The intensity of land-use influences the speed of regeneration in tropical rainforests, says new research. Tropical rainforests are a priority for biodiversity conservation; they are hotspots of endemism but also some of the most threatened global habitats. The Atlantic Forest stands out among tropical rainforests, hosting an estimated 8,000 species of endemic plants and more than 650 endemic vertebrates. However, only around 11 percent of these forests now remain. The quality of what remains is also a concern: 32 to 40 percent of remnants are small areas of secondary forest. Although the restoration of these secondary forests would go a long way toward mitigating the loss of forest cover and biodiversity elsewhere, it is not always possible to recover richness, diversity and floristic composition. Land-use history can make these changes irreversible.
Published in mongabay.com’s open access journal Tropical Conversation Science, the study surveyed the effects of different land-use histories on the restoration process of Atlantic rainforest areas, in the Michelin Ecological Reserve, Brazil.
“Disturbance history influenced the richness, diversity and the floristic composition of the disturbed forest studied,” wrote Rocha-Santos and Talora, lead authors of the study.
The Atlantic Forest outside of Rio de Janeiro. Photo by: Rhett A. Butler.
The highest values of richness and diversity were found in areas with a history of low-impact logging. This area recorded 93 tree species from 35 families. Areas that suffered slash-and-burn agriculture returned 77 species from 38 families, while those with a history of high-impact logging had the lowest richness and diversity amongst the three land-use histories: its tree community structure comprised 75 species from 32 families.
“The area in recovery after low-impact logging showed the highest richness and diversity, indicating that this was the disturbance that allowed the fastest recover…on the other hand, the area subjected to high-impact logging showed the lowest richness and diversity, suggesting that the higher the intensity of exploitation, the longer the time required for the recovery of this forest’s characteristics,” said the authors.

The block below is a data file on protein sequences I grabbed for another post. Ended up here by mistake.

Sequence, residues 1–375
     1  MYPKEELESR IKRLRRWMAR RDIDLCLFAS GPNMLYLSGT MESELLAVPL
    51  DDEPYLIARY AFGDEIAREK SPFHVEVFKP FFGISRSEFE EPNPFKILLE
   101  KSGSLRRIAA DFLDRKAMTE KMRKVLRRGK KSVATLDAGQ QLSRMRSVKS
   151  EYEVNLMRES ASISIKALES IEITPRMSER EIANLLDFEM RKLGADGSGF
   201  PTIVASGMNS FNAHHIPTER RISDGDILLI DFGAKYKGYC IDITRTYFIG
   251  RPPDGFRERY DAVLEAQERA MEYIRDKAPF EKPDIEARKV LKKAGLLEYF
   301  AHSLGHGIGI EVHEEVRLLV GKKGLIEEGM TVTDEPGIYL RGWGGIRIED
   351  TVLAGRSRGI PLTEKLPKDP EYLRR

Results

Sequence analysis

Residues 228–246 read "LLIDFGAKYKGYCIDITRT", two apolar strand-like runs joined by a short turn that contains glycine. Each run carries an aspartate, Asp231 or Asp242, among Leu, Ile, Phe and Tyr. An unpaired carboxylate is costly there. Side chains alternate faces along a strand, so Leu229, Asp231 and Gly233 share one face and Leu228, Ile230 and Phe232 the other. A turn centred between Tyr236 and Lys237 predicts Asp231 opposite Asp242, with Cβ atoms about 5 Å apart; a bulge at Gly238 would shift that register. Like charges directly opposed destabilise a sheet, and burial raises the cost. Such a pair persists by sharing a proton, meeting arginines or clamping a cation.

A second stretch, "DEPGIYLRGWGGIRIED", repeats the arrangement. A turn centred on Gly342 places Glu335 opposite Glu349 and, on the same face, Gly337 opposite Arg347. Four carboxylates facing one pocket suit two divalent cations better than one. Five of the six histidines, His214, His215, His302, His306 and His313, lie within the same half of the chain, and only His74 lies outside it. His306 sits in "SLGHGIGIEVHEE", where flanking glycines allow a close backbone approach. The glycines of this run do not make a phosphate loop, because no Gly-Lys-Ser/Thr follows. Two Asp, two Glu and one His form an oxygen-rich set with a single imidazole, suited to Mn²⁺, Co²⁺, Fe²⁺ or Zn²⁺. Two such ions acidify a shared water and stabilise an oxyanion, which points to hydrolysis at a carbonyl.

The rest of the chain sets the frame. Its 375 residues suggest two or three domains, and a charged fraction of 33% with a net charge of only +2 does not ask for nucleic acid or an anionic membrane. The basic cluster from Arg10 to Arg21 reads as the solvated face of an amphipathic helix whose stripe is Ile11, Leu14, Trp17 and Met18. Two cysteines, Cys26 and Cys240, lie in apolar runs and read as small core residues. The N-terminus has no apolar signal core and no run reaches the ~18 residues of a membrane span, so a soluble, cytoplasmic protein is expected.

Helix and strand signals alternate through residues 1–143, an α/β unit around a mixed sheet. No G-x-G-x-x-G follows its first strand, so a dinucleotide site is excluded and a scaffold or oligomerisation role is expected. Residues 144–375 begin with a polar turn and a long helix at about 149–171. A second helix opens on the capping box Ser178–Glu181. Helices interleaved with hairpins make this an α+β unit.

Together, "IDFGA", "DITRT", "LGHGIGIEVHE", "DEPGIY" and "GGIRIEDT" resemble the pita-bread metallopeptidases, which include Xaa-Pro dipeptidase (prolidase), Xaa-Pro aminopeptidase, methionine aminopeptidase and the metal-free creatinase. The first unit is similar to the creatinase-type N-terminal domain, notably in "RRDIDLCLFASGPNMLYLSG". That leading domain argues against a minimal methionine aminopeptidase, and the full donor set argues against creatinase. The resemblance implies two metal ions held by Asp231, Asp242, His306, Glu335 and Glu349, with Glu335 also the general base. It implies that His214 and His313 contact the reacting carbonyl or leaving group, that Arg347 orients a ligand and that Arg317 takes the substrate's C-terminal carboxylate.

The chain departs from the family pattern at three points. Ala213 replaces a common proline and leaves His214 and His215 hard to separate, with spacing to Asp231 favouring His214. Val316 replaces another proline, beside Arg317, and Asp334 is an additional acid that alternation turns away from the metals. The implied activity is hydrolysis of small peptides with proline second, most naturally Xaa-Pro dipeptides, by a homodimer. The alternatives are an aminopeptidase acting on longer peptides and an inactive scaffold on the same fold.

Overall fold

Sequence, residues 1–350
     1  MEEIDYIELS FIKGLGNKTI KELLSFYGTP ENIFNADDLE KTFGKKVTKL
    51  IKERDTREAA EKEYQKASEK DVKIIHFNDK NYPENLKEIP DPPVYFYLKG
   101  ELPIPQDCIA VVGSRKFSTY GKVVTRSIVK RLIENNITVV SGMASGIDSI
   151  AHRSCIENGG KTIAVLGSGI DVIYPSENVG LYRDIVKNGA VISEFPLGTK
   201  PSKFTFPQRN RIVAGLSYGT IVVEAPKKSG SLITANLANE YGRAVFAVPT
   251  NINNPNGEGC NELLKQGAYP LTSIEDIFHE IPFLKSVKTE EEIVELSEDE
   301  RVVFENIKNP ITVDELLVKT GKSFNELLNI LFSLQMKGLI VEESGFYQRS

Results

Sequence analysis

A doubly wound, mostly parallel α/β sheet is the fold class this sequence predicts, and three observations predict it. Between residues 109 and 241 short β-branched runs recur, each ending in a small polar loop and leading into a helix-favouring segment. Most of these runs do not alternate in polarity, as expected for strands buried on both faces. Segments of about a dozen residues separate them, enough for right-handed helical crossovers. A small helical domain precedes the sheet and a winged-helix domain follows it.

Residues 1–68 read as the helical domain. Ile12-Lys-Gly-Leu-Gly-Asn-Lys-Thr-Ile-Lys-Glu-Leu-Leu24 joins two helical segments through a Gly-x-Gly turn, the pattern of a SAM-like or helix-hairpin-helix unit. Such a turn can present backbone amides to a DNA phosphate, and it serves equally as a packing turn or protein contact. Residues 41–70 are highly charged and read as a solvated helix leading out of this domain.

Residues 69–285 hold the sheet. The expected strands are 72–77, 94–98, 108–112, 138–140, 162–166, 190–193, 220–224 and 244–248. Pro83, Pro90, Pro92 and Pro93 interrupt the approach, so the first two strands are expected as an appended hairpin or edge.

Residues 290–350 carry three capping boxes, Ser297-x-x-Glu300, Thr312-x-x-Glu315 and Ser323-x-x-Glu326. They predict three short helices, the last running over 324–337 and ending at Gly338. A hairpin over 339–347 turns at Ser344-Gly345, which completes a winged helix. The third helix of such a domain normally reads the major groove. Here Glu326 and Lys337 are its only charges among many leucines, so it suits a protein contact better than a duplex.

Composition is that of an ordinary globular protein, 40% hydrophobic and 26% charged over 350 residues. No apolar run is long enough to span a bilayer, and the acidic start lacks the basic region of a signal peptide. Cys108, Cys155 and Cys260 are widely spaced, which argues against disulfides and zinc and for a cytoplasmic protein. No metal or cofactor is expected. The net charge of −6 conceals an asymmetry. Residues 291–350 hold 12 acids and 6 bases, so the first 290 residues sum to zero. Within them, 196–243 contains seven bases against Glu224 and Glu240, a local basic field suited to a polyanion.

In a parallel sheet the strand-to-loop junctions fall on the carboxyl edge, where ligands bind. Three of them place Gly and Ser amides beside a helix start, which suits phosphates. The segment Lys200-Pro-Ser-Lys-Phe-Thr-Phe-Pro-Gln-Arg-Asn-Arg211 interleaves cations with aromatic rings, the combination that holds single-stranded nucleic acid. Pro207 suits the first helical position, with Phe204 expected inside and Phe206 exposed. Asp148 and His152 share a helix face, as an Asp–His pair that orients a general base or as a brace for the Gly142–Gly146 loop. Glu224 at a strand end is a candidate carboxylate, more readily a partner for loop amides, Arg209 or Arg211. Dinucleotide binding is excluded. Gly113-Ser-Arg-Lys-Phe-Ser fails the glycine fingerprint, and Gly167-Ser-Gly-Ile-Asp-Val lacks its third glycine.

While, the diversity of the slash-and-burn areas were similar to high-impact logging sites, previous research has shown that slash-and-burn areas only present low richness in the early years (5-20 years), and that after 40 to 60 years of recovery, these forests are similar in composition and diversity to those of less disturbed tropical forests. Studies in tropical forests also indicate that the greatest species dominance (where few species account for most of the coverage) is found in areas of an early successional stage. Areas subjected to selective logging, regardless of the intensity, appear to be in a more advanced stage of recovery than areas subjected to slash-and-burn. This was also recorded in African tropical forests. Enrichment actions may therefore be necessary to accelerate forest recovery in such forest remnants.
“Such actions may assist in the recovery of ecological processes such as nutrient cycling, biotic pollination and dispersal, which may have been corrupted by previous land-use”, concluded the authors.
The fact that only minor intervention is necessary in areas where forest cover is already established significantly reduces restoration costs. Political will aside, we have no excuses when it comes to the recovery of Atlantic rainforests.
CITATION: Rocha-Santos, L. and Talora, D. C. 2012. Recovery of Atlantic Rainforest areas altered by distinct land-use histories in northeastern Brazil. Tropical Conservation Science Vol. 5(4):475-494 .
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